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Par. Nay, 'tis ftrange, 'tis very ftrange, that is the brief and the tedious of it; and he's of a moft facinerious fpirit, that will not acknowledge it to be the Laf. Very hand of Heav'n,

Par. Ay, fo I fay.

Laf. In a moft weak

Par. And debile minifter, great power, great tranfcendence; which fhould, indeed, give us a further use to be made than alone the recov'ry of the King; as to


Laf. Generally thankful.

Enter King, Helena, and attendants.

Par. I would have said it, you faid well: here comes the King.

Laf. Luftick, as the Dutchman fays: I'll like a Maid the better, while I have a tooth in my head: why, he's able to lead her a Corranto.

Par. Mort du Vinaigre, is not this Helen?

Laf. 'Fore God, I think fo.

King. Go, call before me all the Lords in Court.

Sit, my Preferver, by thy Patient's fide;

And with this healthful hand, whofe banish'd fense
Thou haft repeal'd, a fecond time receive

The confirmation of my promis'd gift;
Which but attends thy naming.

speaking of, the Poet might have wrote,

Why, your Dauphin is not luftier:

i. e. the King is as hale and hearty as the Prince his Son. And that the King in this Play is supposed to have a Son, is plain from what he fays to Bertram in the first Act.

Wellcome, Count,

My Son's no dearer.

Befides, Dauphin in the old Impreffions is conftantly fpelt as the Fifh, Dolphin. But then confidering on the other hand, As found as a Roach, As whole as a Fifh, are proverbial Expreffions: and confidering too that our Author elsewhere makes the Dolphin an Instance or Emblem of Luftihood and Activity,

bis Delights

Were Dolphin-like, they fhew'd his Back above
The Element they liv'd in,

Anto. and Cleop. I have not thought proper to disturb the Text. Nor would, indeed, the Senfe of the Paffage be affected by any Alteration.

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Enter three or four Lords.

Fair Maid, fend forth thine eye; this youthful parcel Of noble batchelors ftand at my bestowing,

O'er whom both fov'reign power and Father's voice
I have to use; thy frank election make;

Thou haft power to chufe, and they none to forfake.
Hel. To each of you, one fair and virtuous Mistress
Fall, when love please! marry, to each but one.
Laf. I'd give bay curtal and his furniture,

My mouth no more were broken than these boys,
And writ as little beard.

King. Perufe them well:

Not one of those, but had a noble Father.

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[She addreffes her felf to a Lord. Hel. Gentlemen, Heaven hath, through me, reftor'd The King to health.

All. We understand it, and thank Heav'n for you. Hel. I am a fimple Maid, and therein wealthieft, That, I proteft, I fimply am a Maid.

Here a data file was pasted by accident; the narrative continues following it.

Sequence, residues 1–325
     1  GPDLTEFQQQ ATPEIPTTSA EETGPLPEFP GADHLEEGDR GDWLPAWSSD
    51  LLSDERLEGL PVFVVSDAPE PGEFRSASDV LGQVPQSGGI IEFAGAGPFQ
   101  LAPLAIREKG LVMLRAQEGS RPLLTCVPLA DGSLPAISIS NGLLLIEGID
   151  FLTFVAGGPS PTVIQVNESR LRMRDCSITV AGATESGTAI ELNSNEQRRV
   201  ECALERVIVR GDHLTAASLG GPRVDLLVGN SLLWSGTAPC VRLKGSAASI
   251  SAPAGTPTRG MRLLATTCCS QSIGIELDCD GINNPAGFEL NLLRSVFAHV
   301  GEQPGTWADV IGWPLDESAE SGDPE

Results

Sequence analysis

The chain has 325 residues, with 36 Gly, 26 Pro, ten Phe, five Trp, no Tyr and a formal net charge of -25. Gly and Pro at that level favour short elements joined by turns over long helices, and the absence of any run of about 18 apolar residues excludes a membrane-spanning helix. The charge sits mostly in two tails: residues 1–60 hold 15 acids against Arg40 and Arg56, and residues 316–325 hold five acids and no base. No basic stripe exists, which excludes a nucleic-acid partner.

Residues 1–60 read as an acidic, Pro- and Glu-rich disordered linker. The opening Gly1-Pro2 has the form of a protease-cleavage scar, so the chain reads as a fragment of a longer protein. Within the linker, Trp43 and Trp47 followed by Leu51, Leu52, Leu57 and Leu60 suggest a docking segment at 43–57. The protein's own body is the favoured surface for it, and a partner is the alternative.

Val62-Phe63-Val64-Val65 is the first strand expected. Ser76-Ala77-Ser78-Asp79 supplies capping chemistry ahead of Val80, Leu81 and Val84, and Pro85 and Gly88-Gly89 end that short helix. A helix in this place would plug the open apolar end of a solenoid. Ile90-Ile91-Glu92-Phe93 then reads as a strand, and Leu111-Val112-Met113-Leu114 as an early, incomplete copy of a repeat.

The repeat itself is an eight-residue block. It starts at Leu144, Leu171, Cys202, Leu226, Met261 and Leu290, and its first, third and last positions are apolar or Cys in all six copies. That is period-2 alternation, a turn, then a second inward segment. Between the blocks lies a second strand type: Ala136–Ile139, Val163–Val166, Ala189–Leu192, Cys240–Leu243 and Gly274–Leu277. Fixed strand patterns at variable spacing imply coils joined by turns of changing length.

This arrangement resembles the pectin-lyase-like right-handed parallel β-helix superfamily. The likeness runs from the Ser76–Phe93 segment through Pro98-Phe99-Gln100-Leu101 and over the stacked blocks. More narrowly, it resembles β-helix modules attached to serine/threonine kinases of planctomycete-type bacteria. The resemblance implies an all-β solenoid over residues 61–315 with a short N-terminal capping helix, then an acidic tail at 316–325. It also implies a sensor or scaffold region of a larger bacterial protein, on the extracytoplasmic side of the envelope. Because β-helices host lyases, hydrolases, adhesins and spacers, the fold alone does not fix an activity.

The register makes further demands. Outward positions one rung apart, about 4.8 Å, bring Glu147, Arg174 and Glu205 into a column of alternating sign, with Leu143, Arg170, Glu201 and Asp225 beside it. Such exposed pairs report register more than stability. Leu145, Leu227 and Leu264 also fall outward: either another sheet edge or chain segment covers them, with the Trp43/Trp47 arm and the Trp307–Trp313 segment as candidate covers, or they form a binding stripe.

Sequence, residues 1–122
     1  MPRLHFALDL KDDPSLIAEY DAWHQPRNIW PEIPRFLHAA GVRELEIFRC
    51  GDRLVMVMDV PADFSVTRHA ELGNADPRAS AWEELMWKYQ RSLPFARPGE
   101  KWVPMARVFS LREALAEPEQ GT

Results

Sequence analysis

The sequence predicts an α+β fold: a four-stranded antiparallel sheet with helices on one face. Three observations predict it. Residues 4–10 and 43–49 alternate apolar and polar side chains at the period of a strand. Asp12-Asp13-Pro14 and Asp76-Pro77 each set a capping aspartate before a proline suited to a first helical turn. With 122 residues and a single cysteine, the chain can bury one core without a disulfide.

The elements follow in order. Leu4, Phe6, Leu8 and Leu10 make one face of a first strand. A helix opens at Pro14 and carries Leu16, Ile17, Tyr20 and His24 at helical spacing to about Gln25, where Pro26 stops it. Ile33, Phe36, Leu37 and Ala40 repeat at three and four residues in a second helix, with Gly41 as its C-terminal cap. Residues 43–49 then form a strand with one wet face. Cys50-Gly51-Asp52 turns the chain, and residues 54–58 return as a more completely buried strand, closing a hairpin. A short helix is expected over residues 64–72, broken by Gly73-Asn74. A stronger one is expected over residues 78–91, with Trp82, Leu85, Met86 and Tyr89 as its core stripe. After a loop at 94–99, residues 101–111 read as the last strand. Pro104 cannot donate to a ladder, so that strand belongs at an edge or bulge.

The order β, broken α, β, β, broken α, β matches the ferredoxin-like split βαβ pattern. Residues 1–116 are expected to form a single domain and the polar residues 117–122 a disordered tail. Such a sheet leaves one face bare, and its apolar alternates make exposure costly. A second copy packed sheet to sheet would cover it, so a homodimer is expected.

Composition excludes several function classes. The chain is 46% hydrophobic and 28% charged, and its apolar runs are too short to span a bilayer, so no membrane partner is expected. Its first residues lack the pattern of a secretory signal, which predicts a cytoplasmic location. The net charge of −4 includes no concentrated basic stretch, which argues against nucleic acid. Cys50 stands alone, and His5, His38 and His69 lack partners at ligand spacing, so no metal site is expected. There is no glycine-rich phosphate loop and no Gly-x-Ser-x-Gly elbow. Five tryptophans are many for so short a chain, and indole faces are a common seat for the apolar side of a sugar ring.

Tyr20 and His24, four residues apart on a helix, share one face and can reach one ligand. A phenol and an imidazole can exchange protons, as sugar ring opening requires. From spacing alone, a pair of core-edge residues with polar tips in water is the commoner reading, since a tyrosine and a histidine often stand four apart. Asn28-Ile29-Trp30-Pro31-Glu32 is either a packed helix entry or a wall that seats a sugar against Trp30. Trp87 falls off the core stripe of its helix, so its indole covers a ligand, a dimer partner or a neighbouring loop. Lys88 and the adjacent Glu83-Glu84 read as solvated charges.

Please it your Majefty, I have done already :
The Blushes in my cheeks thus whifper me,

"We bluth that thou fhould'ft chufe, but be refus'd;
"Let the white death fit on thy cheek for ever,
"We'll ne'er come there again.

King. Make Choice, and fee,

Who fhuns thy love, fhuns all his love in me.
Hel. Now, Dian, from thy Altar do I fly,
And to imperial Love, that God moft high,
Do my fighs ftream: Sir, will

1 Lord. And grant it.
Hel. (17) Thanks, Sir;

you hear my fuit?

all the reft is mute.


(17) Thanks, Sir; all the reft are mute.] All the reft are mute? She had spoke to but One yet. This is a nonfenfical Alteration of Mr. Pope's from the old Copies, in which, I doubt not, but he thought him felf very wife and fagacious. The genuine Reading is, as I have reftor'd in the Text;

fi. e. as in Hamlet,

All the reft is mute.

The reft is Silence) and the Meaning, this. Helena finding a favourable Aníwer from the first Gallant fhe addrefs'd to,


Laf. I had rather be in this choice, than throw Ames-ace for my life.

Hel. The honour, Sir, that flames in your fair eyes, Before I fpeak, too threatningly replies: Love make your fortunes twenty times above Her that fo wishes, and her humble love! 2 Lord. No better, if you please.

Hel. My wifh receive,

Which great Love grant! and fo I take my leave.

Laf. Do all they deny her? if they were Sons of mine, I'd have them whip'd, or I would fend them to the Turk to make eunuchs of.

Hel. Be not afraid that I your hand fhould take,
I'll never do you wrong for your own fake:
Bleffing upon your vows, and in your bed
Find fairer fortune, if you ever wed!

Laf. Thefe boys are boys of ice, they'll none of her: fure, they are baftards to the English, the French ne'er got 'em.

Hel. You are too young, too happy, and too good, To make your felf a Son out of my blood.

4 Lord. (18) Fair one, I think not so.

Laf. There's one grape yet,

Par. I am fure, thy Father drunk Wine.Laf. But if Thou be'eft not an Afs, I am a Youth of fourteen. I have known thee already. Hel. I dare not fay, I take you; but I give

Me and my service, ever whilst I live,